One very important thing about T-SQL is the way the query operates and in which order the clauses executes.
3. GROUP BY
6. ORDER BY
The first one to execute is the FROM clause which says were the query is going to show information from.
Second, the WHERE clause is used and this is used to filter the result with some expression, for example only take customers with the customer id = 95. This is used to greatly increase the speed of the query.
Third we have the GROUP BY clause which groups the result in the way you choose. When using this clause you must work with the HAVING, SELECT, ORDER BY in groups. That is, you must only have one result row for each group. This must be done or the query will fail.
Then we have the HAVING clause which are used like the were clause but on groups instead of single rows.
The the SELECT clause specify the columns that the user wants to show. It´s important to notice that when using a WHERE clause or another clause that is executed before the SELECT clause – you can not use the aliases created at the SELECT clause because the SELECT clause has not been executed yet.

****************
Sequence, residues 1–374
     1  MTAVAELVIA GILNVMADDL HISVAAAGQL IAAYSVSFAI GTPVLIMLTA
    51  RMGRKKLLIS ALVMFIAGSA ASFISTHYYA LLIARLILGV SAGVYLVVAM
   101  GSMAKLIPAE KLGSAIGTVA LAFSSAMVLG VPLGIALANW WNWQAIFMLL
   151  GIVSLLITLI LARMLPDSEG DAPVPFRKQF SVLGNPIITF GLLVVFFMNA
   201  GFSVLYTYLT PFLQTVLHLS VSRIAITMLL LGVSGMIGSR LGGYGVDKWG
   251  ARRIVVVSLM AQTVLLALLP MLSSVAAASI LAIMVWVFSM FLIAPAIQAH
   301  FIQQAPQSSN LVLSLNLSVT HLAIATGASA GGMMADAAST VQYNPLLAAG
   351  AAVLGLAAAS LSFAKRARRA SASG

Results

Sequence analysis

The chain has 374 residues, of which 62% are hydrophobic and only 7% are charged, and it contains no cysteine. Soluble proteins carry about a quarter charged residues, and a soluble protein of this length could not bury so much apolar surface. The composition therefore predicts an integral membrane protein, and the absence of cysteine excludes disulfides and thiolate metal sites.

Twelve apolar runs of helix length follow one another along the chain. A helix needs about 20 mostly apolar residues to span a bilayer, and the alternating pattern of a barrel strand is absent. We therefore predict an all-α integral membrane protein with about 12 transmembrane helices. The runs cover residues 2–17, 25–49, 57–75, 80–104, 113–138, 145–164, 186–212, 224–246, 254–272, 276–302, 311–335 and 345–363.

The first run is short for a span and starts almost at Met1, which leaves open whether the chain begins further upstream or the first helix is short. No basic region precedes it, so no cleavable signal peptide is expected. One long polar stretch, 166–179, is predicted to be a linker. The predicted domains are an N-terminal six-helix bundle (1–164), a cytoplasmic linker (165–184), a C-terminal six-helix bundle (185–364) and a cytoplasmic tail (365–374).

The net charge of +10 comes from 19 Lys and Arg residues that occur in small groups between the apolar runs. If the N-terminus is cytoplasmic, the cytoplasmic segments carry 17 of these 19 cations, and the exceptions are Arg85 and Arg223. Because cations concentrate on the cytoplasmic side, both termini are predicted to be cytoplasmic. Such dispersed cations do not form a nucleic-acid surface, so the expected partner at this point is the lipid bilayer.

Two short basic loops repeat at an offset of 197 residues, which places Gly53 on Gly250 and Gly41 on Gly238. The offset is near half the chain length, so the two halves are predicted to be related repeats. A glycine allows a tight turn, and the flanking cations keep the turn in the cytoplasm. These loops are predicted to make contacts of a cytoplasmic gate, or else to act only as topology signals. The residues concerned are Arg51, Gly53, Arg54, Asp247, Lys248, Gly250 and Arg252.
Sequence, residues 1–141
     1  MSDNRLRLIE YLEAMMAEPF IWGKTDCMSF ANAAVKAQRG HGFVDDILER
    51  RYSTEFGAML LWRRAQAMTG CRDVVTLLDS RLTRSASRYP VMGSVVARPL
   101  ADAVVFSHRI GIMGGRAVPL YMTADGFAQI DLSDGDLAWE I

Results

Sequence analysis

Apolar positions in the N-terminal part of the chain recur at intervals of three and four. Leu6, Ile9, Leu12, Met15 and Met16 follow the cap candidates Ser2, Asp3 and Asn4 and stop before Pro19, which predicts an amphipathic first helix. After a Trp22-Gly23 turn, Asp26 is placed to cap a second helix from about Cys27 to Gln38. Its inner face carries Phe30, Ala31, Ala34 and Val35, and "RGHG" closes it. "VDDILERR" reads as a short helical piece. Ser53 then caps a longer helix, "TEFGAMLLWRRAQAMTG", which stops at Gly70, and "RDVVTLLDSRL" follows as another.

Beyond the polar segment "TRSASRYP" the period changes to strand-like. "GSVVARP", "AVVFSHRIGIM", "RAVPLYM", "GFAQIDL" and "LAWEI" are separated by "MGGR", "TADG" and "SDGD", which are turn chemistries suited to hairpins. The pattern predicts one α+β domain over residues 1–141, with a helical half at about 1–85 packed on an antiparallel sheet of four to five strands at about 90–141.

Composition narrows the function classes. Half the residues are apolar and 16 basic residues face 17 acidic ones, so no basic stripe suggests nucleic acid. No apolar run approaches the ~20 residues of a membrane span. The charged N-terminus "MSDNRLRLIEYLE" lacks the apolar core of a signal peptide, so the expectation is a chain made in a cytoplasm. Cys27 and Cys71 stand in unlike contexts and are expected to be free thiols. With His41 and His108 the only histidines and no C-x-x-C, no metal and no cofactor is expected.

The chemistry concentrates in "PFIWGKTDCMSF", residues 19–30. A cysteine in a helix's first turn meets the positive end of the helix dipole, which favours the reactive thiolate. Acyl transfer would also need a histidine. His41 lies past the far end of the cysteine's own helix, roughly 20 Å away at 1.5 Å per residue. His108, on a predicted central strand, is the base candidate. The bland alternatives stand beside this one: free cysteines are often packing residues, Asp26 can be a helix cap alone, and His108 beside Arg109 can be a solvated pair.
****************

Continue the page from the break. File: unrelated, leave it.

Then, last is the ORDER BY clause which is used to sort the final result set in ascending or descending order on some column that has been used in the query. If this one is not used, there is not a guaranteed presentation order. This is because a set has no order. This is the only phase were you can refer to the columns in the SELECT clause. It´s also worth pointing out that the result when using the ORDER BY will not produce a table, it will produce a sorted cursor, a non-relational result.